The Blueberry Festival tournament at Plymouth Rock is four different tournaments within a two day span. On the first day, they hold a 2-person best ball tournament in the morning, followed by an individual tournament in the afternoon. On the second day, they hold a 2-person scramble tournament in the morning, followed by another individual tournament (where you can play both days, or just one day). The tournament pays out prizes to the top teams in each flight, along with prizes for longest drive, closest to the pin, and longest putt on various holes.

Once again, I recruited Adam as my teammate, hoping to improve on our score from last year. This year, we went into the scramble with the mantra “bogey or better”, which would put our score at 90 or better. I felt this score was very obtainable, since we both have improved over the last year (and we both have new sets of clubs).

We started this year on the 14th hole, a 177 yard par-3, with a father/son team, Eric and Russ. Eric and Russ actually won the 2-person scramble last year, thanks to two eagles they made during their round. Luckily this time, we didn’t have a crowd watching us tee off. It took me a while to get warmed up with my tee shots. I kept on topping the ball, or hitting it with a very low trajectory. My drives didn’t start getting better until after 9 or 10 holes. Luckily, Adam was having good luck with his tee shots, so we mostly used his shots. For approach shots and chips, both Adam and I had good shots and bad shots, so it was really random who’s shots we used. As for putting, I feel like I had the most trouble. Most of my putts were just slightly off to the left or right; I couldn’t seem to sink any putt.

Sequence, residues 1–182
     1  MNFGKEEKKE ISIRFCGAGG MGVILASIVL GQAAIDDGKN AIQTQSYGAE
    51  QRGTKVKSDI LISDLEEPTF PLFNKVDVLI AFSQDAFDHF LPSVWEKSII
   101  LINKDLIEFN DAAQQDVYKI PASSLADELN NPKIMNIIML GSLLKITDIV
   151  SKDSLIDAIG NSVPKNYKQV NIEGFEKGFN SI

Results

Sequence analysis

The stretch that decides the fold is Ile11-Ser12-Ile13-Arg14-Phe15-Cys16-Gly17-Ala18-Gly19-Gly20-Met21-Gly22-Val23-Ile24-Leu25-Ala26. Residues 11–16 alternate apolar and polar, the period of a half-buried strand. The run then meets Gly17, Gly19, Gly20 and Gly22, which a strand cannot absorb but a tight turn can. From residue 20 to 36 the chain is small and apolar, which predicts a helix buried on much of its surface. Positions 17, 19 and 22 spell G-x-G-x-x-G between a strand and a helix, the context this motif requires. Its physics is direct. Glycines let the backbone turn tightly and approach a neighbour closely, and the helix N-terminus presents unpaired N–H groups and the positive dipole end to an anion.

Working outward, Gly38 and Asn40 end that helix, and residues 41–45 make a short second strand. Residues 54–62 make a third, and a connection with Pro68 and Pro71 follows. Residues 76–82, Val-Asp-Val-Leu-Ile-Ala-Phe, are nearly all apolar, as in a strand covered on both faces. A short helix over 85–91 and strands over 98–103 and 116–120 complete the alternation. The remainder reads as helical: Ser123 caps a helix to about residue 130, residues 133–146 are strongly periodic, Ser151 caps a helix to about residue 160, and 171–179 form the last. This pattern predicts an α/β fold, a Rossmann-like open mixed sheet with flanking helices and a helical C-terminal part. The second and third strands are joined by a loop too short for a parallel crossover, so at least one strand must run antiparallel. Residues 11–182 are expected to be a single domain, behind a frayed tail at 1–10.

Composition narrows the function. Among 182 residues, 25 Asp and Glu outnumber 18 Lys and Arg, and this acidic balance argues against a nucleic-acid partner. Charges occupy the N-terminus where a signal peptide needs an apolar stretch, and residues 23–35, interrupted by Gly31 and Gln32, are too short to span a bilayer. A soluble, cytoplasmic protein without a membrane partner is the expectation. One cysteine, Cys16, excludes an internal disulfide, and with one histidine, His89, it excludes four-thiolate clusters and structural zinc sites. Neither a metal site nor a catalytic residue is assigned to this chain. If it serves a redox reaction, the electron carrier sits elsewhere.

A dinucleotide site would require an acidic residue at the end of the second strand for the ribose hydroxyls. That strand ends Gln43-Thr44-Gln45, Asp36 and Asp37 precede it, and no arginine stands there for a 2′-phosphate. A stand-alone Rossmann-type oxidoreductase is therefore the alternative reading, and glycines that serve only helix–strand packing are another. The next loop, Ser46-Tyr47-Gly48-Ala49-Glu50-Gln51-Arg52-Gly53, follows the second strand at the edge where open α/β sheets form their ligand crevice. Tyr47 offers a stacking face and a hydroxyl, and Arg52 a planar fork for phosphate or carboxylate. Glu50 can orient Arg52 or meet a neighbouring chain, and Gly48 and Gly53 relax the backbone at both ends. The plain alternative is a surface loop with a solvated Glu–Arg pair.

I should mention that Eric had some amazing tee shots. Not all of his drives were the best, but when he made a nice drive, it was long… really long. In fact, Eric won longest drive on the 18th hole, a 315 yard par-4, with a drive that landed on the edge of the green… a 300+ yard drive. Russ had some great drives too. He was very consistent with his shots, and made up for Eric’s occasional bad drives.

Like last year, we had the most trouble on the 17th hole, a 593 yard par-5. Our tee shot sliced right into the woods, and our approach shots were just not accurate. We ended up shooting a triple bogey on that hole again. The rest of the round was very similar to bogey golf. We shot seven pars, six bogeys, four double bogeys, and one triple bogey, putting our round score at 89 (17 over par).